One federal trial down, another to go.
But first, former longtime Town of Oyster Bay Supervisor John Venditto has to secure the town’s agreement to pay for what promises to be an expensive legal bill for his next trial. The town board, on June 26, officially declined to cover Venditto’s expenses, and on Aug. 8, the former supervisor sued in the Nassau County Supreme Court to force a reversal of the decision.
Having been cleared by a jury of federal corruption charges back on May 24, Venditto next had to prepare to defend himself against a civil complaint from the Securities and Exchange Commission (SEC). Under town law, he is entitled to be indemnified by the town in such civil (as opposed to criminal) cases.
In November 2017, the agency charged the town and Venditto with securities fraud, claiming that from January 2010 to December 2016, they made “fraudulent omissions and misrepresentations in failing to disclose to the investing public material information relating to the town’s indirect guarantees of millions of dollars of private bank loans for the benefit of one of the town’s concessionaires.”
In October 2016, the U.S. Attorney for the Eastern District of New York indicted Venditto and then Nassau County Executive Ed Mangano on numerous bribery and wire fraud charges arising from these loan guarantees, which are illegal under the New York State constitution. Both politicians were accused of taking bribes and kickbacks from the concessionaire Harendra Singh. In return, the government charged, they helped craft agreements to guarantee more than $20 million in private loans Singh sought to make capital improvements to the town’s golf course and beach concessions he had secured.
Of the 27 federal charges against Venditto, 21 were related to the securities fraud.
The securities charges in the Eastern District indictment mirrored those of the SEC, and the SEC trial was delayed until the 11-week criminal trial in the U.S. Eastern District Court in Central Islip ran its course. When the jury announced its verdict, it unanimously cleared Venditto of all charges, including the 21 securities fraud counts.
Marc Agnifilo of the Manhattan law firm Brafman & Associates had successfully represented the former Oyster Bay supervisor in the criminal trial, and soon after the SEC charges were announced, Agnifilo sent a copy of the complaint to the Oyster Bay Office of Town Attorney, with a request that the town provide for Venditto’s defense.
On June 20, Brafman & Associates sent a letter with the proposed rates for the defense: Agnifilo ($850/hour), Joshua Kirshner, an associate ($650/hour), with the same rate for an additional associate if necessary, plus a paralegal ($175/hour).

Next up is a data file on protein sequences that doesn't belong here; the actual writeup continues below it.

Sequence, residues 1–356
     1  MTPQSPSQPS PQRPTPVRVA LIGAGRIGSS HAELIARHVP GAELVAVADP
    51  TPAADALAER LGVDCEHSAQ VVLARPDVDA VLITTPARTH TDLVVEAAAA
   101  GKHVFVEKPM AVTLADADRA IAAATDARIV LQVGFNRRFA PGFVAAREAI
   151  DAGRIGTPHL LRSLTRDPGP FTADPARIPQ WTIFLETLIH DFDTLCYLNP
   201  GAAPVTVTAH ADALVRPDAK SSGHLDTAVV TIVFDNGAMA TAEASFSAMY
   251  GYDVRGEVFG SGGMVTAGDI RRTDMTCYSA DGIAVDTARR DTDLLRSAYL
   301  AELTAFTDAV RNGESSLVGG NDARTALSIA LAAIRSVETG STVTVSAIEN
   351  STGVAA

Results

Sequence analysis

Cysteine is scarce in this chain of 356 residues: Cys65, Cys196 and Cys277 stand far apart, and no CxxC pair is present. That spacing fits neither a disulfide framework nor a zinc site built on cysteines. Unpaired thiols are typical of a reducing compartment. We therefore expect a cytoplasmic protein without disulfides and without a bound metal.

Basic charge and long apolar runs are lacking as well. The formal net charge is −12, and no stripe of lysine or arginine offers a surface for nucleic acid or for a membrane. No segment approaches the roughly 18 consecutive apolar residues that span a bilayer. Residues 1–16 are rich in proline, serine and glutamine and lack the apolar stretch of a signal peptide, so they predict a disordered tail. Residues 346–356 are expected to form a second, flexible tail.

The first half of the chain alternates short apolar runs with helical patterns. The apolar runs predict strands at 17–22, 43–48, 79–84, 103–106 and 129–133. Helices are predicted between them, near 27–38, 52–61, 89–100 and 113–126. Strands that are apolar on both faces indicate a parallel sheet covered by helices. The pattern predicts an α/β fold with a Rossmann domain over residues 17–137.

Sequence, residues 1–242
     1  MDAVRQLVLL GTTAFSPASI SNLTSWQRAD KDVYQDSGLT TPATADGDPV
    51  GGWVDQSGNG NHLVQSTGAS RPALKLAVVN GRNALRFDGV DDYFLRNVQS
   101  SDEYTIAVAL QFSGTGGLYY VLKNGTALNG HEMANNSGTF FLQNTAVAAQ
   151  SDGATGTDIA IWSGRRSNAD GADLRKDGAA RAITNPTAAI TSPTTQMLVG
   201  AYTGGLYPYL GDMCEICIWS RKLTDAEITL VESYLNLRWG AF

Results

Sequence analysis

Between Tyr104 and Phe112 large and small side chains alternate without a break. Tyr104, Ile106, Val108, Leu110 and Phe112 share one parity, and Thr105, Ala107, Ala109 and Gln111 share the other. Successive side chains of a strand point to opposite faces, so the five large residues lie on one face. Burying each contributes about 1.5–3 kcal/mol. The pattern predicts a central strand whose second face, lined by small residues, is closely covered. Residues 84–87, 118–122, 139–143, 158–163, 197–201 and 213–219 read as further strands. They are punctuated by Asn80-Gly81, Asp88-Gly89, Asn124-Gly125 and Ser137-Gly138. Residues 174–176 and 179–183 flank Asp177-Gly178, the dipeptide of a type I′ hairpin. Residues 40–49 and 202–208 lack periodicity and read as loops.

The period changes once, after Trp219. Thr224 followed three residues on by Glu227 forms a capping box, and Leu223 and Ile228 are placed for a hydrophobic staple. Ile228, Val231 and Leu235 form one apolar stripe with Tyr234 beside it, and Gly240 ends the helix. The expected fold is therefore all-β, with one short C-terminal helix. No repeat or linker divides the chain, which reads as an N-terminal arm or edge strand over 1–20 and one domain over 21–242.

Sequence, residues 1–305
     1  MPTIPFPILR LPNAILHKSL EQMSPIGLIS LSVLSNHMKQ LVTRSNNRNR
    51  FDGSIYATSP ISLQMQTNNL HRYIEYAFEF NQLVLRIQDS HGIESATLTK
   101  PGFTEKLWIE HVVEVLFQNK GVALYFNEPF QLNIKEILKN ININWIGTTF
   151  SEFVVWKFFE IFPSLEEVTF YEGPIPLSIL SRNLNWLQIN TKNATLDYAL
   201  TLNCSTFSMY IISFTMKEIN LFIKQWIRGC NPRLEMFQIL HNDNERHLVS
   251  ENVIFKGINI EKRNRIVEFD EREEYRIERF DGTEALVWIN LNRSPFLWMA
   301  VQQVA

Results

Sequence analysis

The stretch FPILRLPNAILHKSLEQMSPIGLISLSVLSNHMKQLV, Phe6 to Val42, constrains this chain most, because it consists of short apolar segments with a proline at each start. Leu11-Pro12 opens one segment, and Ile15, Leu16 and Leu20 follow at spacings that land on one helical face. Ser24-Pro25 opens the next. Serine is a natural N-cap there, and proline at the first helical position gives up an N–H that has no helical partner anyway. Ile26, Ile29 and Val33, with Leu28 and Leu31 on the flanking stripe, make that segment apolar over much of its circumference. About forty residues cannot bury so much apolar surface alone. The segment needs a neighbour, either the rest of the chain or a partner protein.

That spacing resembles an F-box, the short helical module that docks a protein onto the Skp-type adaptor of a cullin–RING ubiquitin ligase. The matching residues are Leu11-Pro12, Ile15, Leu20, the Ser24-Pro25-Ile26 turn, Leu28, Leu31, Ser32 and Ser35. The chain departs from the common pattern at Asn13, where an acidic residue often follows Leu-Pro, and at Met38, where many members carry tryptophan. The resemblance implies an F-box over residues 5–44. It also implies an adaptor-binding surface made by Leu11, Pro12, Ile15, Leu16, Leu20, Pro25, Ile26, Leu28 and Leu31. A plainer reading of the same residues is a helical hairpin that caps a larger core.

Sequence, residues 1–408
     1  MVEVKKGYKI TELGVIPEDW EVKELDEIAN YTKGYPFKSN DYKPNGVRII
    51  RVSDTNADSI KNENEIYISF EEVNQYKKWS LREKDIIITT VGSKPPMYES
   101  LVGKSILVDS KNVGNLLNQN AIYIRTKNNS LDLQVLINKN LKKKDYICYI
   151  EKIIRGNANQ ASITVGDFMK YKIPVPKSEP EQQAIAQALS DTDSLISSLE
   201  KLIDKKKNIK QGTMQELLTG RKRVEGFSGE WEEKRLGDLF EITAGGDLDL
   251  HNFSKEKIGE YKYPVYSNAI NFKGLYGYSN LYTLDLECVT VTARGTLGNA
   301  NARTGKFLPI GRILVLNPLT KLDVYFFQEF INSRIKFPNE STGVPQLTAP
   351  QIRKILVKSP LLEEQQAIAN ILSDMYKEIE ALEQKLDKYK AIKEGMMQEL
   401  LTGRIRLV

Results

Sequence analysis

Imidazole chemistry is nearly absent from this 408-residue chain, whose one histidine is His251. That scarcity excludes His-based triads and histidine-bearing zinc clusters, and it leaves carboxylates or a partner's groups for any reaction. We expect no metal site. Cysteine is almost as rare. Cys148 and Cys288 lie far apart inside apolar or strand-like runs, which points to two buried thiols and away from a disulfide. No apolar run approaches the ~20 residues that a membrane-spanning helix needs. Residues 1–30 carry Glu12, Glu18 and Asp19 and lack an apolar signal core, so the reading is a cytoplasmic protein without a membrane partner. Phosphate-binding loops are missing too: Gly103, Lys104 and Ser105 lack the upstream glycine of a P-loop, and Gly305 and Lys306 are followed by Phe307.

In a memo to the town board, Town Attorney Joseph Nocella recommended that the town authorize a resolution (subsequently No. 441) at its June 26 town board meeting to retain Brafman & Associates to represent the former supervisor. The resolution included a $50,000 payment for legal services it had already done for Venditto.
The town attorneys, in a memo in support of Resolution No. 441, argued that under several provisions of Town Code §22, Venditto qualified as a former and current employee of the town, having held the office of supervisor from January 1998 through Jan. 4, 2017. In addition, §22-2 asserts that the town “shall provide for the defense of the employee in any civil action or proceeding in any state or federal court arising out of any alleged act or omission which occurred or is alleged in the complaint to have occurred while the employee was exercising or performing, or, in good faith, purporting to exercise or perform his powers and duties within the scope of his public employment.”
The memo also noted that, due to the complexity of the case, the town cannot provide for the defense “through ‘in-house’ counsel.”
It concluded that Venditto was “entitled to representation by counsel of his choosing and that such counsel’s reasonable attorneys’ fees and litigation expenses shall be paid by the town.”
At the subsequent June 26 meeting, the only comments on Resolution 441 came from members of the public; trustees, in light on the lawsuit their vote was likely to trigger, were advised not to make any statements.
Supervisor Joseph Saladino and trustees Lou Imbroto, Michelle Johnson and Thomas Hand voted against the resolution. Joseph Muscarella was the lone “aye” vote. Councilwoman Rebecca Alesia abstained from voting and Councilman Anthony Macagnone recused himself.
The Article 78 lawsuit declared the town board’s actions, “arbitrary, capricious, and in violation of the Town Code…and Public Officer’s Law, State of New York” and sought the “Reversing, annulling and setting aside the determination and Resolution No. 441” and ordering the town board “to provide for the retention of Venditto’s counsel, and to pay said counsel’s reasonable attorney’s fees and expenses incurred in the defense of the case.”